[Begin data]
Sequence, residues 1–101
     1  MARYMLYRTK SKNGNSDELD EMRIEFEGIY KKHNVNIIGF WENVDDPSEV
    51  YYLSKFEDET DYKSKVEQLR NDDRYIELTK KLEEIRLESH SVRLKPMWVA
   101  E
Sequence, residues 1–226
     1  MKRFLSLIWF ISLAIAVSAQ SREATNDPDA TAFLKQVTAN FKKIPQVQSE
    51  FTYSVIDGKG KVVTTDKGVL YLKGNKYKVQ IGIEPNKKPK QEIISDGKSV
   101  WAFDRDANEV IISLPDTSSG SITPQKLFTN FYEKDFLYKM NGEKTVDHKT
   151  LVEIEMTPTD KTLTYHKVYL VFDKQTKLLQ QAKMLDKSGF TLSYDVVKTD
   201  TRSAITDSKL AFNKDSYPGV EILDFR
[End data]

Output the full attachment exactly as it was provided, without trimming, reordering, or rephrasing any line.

Sequence, residues 1–101
     1  MARYMLYRTK SKNGNSDELD EMRIEFEGIY KKHNVNIIGF WENVDDPSEV
    51  YYLSKFEDET DYKSKVEQLR NDDRYIELTK KLEEIRLESH SVRLKPMWVA
   101  E
Sequence, residues 1–226
     1  MKRFLSLIWF ISLAIAVSAQ SREATNDPDA TAFLKQVTAN FKKIPQVQSE
    51  FTYSVIDGKG KVVTTDKGVL YLKGNKYKVQ IGIEPNKKPK QEIISDGKSV
   101  WAFDRDANEV IISLPDTSSG SITPQKLFTN FYEKDFLYKM NGEKTVDHKT
   151  LVEIEMTPTD KTLTYHKVYL VFDKQTKLLQ QAKMLDKSGF TLSYDVVKTD
   201  TRSAITDSKL AFNKDSYPGV EILDFR